Testimony links Nichols to McVeigh in bombing plans Prosecution witness awaits sentencing in plea deal

November 13, 1997|By LOS ANGELES TIMES

DENVER -- The government's pivotal informant in the Oklahoma City bombing case -- Michael Fortier -- testified yesterday that convicted bomber Timothy J. McVeigh dropped hints that Terry L. Nichols conspired with McVeigh to blow up a federal office building.

Specifically, Fortier testified that McVeigh wrote him and told him that he and Nichols were planning a "positive offensive action" against the government after the FBI's raid on a religious cult near Waco, Texas, in 1993.

For the 28-year-old Fortier, it was his second time as a government witness in the April 1995 Oklahoma City bombing. Earlier this year, he was the government's chief witness against McVeigh in a trial that resulted in McVeigh's conviction and sentence of death.

Yesterday, Fortier testified for only 45 minutes. The Kingman, Ariz., man is to return to the witness stand today.

Fortier befriended Nichols and McVeigh in the late 1980s when all three men served in the Army.

Sometime after August 1994, Fortier said, he received a letter from McVeigh, "asking me if I would help him and Terry in taking some type of action. I believe it said they were going to take a positive offensive action."

McVeigh also urged Fortier to join their effort, and Fortier said he refused, but wrote back, saying, "I was curious about what he was talking about."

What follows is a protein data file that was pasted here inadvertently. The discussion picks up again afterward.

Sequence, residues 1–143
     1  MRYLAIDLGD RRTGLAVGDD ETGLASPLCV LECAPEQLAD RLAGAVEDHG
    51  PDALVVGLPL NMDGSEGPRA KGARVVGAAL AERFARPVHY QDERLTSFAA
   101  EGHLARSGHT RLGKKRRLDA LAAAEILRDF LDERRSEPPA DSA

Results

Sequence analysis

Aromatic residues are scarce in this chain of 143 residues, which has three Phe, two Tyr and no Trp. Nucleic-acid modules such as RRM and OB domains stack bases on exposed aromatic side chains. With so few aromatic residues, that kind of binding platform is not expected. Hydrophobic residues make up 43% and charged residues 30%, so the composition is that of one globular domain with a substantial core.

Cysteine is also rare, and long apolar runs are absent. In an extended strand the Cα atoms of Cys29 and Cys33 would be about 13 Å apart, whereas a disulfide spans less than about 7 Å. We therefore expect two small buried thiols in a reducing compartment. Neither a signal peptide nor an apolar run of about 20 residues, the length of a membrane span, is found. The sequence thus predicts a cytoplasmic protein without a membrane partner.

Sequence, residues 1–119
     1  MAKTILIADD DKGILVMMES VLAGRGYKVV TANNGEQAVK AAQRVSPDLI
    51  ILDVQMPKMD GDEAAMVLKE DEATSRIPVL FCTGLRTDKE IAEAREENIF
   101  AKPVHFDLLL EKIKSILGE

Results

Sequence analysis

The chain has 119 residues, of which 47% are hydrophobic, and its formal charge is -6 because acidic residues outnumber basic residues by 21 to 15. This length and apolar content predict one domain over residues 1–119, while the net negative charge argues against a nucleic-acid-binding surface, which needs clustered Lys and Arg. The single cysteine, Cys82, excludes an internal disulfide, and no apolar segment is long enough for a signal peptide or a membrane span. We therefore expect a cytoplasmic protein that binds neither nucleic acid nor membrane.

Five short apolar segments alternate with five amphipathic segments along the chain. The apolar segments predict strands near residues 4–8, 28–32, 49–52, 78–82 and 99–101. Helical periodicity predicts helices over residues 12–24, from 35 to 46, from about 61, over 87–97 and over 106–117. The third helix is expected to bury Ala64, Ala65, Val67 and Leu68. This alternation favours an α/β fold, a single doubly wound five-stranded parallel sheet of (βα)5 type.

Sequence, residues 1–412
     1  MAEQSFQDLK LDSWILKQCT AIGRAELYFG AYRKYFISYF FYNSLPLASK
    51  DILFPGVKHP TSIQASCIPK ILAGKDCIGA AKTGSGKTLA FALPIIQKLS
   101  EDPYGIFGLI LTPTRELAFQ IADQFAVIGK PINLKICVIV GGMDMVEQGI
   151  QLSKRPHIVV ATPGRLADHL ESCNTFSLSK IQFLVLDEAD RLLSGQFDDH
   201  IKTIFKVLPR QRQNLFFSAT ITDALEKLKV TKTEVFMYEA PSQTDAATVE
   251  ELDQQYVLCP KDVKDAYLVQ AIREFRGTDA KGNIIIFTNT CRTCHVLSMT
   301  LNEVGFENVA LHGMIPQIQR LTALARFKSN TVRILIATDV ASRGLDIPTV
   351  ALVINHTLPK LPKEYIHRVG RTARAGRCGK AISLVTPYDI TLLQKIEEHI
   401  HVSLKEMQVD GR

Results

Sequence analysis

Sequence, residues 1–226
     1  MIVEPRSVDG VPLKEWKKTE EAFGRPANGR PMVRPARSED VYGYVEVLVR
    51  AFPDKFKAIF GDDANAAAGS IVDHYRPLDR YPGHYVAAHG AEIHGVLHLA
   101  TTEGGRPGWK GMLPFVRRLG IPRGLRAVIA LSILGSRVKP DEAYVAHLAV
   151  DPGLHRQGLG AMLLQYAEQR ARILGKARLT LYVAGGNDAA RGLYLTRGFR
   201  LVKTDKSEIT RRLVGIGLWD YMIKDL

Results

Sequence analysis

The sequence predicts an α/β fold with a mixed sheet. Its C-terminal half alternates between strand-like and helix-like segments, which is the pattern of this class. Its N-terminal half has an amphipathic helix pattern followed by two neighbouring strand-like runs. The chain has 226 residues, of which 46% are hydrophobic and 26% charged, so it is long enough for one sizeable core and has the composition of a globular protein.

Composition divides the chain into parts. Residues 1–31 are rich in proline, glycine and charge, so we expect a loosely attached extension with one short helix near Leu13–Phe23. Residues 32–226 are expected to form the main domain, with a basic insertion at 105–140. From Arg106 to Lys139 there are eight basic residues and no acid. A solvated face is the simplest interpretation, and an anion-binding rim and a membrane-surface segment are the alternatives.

Soon afterward, he said, McVeigh "showed up at my house" and they further discussed McVeigh's plans during a conversation in Fortier's front yard.

"He told me that what he meant by taking action was that they were planning on bombing a building," Fortier said.

But Fortier said McVeigh "didn't say specifically" who he meant by "they." "He just asked me if I wanted to be a part of it," Fortier said. "I said no."

Several weeks later, Fortier testified, he accompanied Nichols and McVeigh to a Kingman-area storage locker, where they showed him a box of explosives.

Fortier said, "Tim or Terry opened the locks, I'm not sure which, and we got in and Tim showed me some explosives."

He said Nichols "was going from the storage locker to his truck and back and forth. He was loading stuff into his truck."

Fortier pleaded guilty two years ago to four federal charges involving the bombing. As part of his agreement to testify in the two trials, Fortier said the government has promised "they would bring no further charges against me."

Pub Date: 11/13/97

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